Regardless of anything related to Tomlin, the hope would be is that the Indians can be as honest about their current cache of upper-level prospects as they have been in the last couple of years with their former prospects. With guys like Garko, Francisco, Broussard, Gutierrez, and Shoppach, they realized their limitations and their limited future with the team (particularly in relation to salary) and acted aggressively in selling high (or at least at the right time) on nearly all of those guys. To that end, the question becomes what current prospects in AAA are perhaps overvalued by others that are in the Tribe’s organization or who may be an ancillary part down the road and whose value may be greater in what the organization could net for them instead of what that particular player figures to contribute for the Tribe in the coming years. As good as the Indians have been in identifying their own players at the MLB level whose usefulness had leveled off and whose greatest value was tied into what the organization could get for them, it now becomes a question of whether the Indians can be brutally honest with themselves about their own prospects (which they love to have stockpiled) and perhaps part with a player who may project as a useful MLB player, but whose value to the Indians could be less because of other players within the organization.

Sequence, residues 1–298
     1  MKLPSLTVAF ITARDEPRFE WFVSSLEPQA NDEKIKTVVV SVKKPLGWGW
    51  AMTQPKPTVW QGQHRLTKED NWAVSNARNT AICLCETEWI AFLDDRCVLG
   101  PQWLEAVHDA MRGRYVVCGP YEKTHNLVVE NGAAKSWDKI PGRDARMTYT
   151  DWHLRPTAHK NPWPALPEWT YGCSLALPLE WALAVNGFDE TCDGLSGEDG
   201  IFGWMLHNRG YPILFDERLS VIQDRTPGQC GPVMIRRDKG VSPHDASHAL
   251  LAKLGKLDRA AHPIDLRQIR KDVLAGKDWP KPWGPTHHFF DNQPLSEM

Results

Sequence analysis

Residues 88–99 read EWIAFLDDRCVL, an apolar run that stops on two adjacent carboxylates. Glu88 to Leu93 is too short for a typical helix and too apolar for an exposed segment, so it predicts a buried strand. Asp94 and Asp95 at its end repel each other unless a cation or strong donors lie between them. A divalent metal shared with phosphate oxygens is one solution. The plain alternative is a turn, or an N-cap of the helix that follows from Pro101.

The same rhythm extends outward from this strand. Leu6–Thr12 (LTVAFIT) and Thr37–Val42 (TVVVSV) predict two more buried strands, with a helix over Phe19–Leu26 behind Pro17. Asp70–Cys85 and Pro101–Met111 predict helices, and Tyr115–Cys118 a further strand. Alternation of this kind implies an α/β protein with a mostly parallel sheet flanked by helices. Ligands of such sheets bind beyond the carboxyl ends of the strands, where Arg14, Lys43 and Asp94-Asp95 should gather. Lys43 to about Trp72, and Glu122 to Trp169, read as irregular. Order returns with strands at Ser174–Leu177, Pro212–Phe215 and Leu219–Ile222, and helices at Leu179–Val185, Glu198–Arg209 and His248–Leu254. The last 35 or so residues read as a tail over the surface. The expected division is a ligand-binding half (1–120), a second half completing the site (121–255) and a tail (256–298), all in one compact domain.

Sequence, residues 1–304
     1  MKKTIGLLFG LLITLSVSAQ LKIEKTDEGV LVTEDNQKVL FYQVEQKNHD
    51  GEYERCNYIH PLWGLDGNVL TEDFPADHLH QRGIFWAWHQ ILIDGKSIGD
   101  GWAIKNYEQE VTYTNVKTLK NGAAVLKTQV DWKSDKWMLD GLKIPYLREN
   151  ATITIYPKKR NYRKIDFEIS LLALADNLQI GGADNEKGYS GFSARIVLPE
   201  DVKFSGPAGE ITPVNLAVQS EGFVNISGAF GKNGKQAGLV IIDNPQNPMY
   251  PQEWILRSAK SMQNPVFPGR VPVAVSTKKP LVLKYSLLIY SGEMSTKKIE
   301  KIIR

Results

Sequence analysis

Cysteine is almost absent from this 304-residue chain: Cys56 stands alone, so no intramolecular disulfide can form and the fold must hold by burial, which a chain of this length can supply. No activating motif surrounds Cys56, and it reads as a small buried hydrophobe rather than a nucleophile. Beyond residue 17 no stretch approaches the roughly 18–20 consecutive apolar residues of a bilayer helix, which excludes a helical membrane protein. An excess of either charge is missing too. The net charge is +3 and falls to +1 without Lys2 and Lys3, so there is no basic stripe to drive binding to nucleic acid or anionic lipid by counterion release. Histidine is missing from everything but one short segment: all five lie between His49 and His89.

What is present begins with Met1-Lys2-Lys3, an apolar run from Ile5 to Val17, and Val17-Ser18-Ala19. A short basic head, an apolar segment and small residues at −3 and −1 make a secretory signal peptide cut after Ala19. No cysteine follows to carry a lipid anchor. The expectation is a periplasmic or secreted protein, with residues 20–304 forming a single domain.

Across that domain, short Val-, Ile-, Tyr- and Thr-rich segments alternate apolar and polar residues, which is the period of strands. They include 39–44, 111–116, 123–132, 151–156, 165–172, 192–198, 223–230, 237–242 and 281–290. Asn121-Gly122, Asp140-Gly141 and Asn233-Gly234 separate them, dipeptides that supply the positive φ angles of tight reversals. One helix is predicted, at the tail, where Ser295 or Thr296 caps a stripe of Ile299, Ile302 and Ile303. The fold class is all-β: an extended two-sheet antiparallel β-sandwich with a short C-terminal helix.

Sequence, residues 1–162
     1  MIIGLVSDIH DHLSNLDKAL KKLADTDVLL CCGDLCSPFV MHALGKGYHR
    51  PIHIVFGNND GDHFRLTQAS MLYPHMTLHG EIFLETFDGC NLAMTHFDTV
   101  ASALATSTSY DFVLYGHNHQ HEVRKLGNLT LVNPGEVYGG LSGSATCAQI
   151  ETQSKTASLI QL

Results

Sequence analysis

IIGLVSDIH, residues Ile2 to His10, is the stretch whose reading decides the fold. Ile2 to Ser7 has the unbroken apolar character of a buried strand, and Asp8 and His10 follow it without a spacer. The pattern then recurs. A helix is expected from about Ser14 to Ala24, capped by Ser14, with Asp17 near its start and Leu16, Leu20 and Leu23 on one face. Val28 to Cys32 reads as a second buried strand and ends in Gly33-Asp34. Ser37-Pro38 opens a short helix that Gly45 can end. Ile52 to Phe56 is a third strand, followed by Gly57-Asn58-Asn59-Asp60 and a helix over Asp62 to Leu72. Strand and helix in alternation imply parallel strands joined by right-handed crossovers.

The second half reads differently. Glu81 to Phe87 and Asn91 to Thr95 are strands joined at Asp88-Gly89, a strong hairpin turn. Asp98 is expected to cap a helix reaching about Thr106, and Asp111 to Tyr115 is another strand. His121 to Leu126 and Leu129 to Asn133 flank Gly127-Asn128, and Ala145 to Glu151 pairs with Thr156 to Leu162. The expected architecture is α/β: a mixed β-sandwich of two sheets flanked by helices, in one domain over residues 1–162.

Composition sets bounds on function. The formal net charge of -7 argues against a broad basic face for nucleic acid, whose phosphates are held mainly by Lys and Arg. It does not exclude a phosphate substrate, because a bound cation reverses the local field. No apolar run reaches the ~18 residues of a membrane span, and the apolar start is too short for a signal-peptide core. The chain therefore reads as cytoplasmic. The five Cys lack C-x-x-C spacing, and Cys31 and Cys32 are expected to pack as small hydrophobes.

If you read that last sentence carefully, you know where I’m going with this as I’ve been in Cord Phelps’ corner more than most (even driving the bandwagon from time to time) and think that the problem with the Indians’ handling of Phelps was calling him up to mainly sit on the bench or to allegedly play a part in a platoon that never materialized, when he had never done so in his baseball career. You can point to his defensive “yips” or say that “he’ll be back…he just needs more seasoning”, but the Indians had a hole at 2B (and still have it) and Phelps represented an upgrade. With that being the case, perhaps the fact that they were so reticent to play him regularly and so quick to send him down (as I fail to see Hannahan’s value on the roster presently) may be telling as to how Phelps is viewed in terms of the team’s future.